• How do leaders respond to crisis? a narrative inquiry

      Goalby, Peter (University of Bedfordshire, 2017-10)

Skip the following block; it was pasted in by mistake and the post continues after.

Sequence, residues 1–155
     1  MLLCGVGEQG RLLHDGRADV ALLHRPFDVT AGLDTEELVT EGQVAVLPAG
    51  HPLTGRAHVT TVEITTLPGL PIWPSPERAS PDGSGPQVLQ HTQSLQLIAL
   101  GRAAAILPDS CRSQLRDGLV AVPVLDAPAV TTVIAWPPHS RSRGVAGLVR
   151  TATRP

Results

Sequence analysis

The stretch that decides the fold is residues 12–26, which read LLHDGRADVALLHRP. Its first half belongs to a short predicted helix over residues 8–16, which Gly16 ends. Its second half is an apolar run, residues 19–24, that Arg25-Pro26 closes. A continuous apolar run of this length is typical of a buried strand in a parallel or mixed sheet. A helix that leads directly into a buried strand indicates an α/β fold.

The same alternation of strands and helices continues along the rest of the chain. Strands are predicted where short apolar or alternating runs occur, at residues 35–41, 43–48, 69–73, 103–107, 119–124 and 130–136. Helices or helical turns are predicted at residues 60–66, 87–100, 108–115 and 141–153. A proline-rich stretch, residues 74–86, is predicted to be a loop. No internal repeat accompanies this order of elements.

Rare and previously thought of as improbable events by some are becoming more complex interconnected and cascading in nature (Helbing, 2013; Hsu, 2012; Ball, 2011; Perrow, 2011; Coleman, 2006; Beck, 2003). This research aims to learn more about how leaders respond to crisis by using a case study approach and a narrative inquiry methodology. It further binds the findings and analysis by postulating the idea of fluid observations in organisational theory, grounded in narratives. A narrative corpus of nineteen semi-structured interviews were collected and inductive analytical methods applied to the data. The researcher adheres to a social constructionist paradigm and takes a critical approach towards the literature in leadership studies and crisis management. This study provides narrative empirical data from a manufacturing organisation that had been affected by a cascading anthropogenic crisis and natural disaster. Several leadership actions prevented the organisation from entering administration and large-scale investment was attracted. The organisation was considered by some to have recovered from crisis in certain areas. Convergent and divergent narratives were then analysed looking for perceptions of the interpretation of crisis and leaders’ actions. Boje’s (2011) antenarratives were also analysed looking at classifications of antenarratives present in the narrative corpus. The research found multiple examples of convergent and divergent narratives on both leaders’ actions and crisis. Implications for theory were emergent from narrative empirical data relevant to implicit leadership, social identity, diglossic linguistics, psychosocial, social information processing and antenarrative theories. The research is subjective in nature and provides insights based on narratives permeating all strata of the organisation.